LOS ANGELES (AP) -- Beverly Hills police say Whitney Houston was under water and apparently unconscious when she was found in a hotel bathtub.
Lt. Mark Rosen said Monday that the singer was found Saturday by a member of her personal staff at approximately 3:30 pm. Rosen says Houston was pulled from the tub by members of her staff, and hotel security was promptly notified.
Rosen says further details of Houston's death are not being released to preserve the integrity of the investigation. The coroner's office says toxicology testing is continuing.
A member of Houston's entourage found the 48-year-old singer unresponsive in her hotel room at the Beverly Hilton Hotel on Saturday, just hours before she was supposed to appear at a pre-Grammy gala.
The Grammys themselves were in part a memorial to Houston, a six-time winner. LL Cool J introduced a clip near the start of the show of a glowing Houston singing her signature ballad, a cover of Dolly Parton's "I Will Always Love You."
Bonnie Raitt and Stevie Wonder were among other performers who praised Houston and Jennifer Hudson capped the tributes with an emotional version of "I Will Always Love You" that ended with a personal note: "Whitney, we love you." Houston's most famous song was the most downloaded single for much of Sunday on iTunes.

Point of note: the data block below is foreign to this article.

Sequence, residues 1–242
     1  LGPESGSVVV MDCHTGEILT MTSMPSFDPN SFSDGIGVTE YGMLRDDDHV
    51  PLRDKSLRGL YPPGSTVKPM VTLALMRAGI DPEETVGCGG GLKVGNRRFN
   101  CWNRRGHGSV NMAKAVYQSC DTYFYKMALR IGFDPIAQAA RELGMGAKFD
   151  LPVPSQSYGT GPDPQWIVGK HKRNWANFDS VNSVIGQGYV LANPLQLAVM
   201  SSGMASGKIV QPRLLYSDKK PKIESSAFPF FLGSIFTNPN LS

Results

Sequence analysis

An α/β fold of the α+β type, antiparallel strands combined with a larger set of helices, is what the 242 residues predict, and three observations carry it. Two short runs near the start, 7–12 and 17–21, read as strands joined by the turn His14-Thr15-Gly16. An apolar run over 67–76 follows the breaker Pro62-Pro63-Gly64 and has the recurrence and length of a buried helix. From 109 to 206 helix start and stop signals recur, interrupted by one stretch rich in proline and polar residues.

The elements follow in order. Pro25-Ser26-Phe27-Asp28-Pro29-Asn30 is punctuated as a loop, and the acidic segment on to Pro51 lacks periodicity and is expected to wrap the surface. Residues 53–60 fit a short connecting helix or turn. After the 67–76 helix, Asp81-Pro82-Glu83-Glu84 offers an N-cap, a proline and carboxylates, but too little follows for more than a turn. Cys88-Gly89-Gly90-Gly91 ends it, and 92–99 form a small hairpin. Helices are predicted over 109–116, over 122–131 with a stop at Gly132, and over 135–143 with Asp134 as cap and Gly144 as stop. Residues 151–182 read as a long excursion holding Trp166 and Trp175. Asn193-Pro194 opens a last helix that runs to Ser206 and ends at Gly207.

Meanwhile, Houston's daughter was transported by ambulance to a Los Angeles hospital Sunday morning and later released. A source close to the family who did not want to speak given the sensitivity of the matter said she was treated and released for stress and anxiety. Bobbi Kristina Brown, 18, who is Houston's daughter from her marriage to singer Bobby Brown, had accompanied her mother to several pre-Grammy Awards events last week.
"At this time, we ask for privacy, especially for my daughter, Bobbi Kristina," Bobby Brown wrote in a statement released about an hour after she was transported from the hotel. "I appreciate all of the condolences that have been directed towards my family and I at this most difficult time."
A sensation from her very first album, Houston was one of the world's best-selling artists from the mid-1980s to the late 1990s. She awed millions with soaring, but disciplined vocals rooted in gospel and polished for the masses, a bridge between the earthy passion of her godmother, Aretha Franklin, and the bouncy pop of her cousin, Dionne Warwick.
Her success carried her beyond music to movies, where she became a rare black actress with box office appeal, starring in such hits as "The Bodyguard" and "Waiting to Exhale."
Bishop T.D. Jakes, a Texas minister and producer on Houston's final film project, a re-make of the 1970s release "Sparkle," said he saw no signs she was having any substance issues. He said Houston was a complete professional and moved the cast and crew to tears two months ago when she sang the gospel hymn "Her Eyes on the Sparrow" for a scene shot in Detroit.
"There was no evidence in working with her on `Sparkle' that there was any struggle in her life," Jakes said Sunday. "She just left a deep impression on everybody."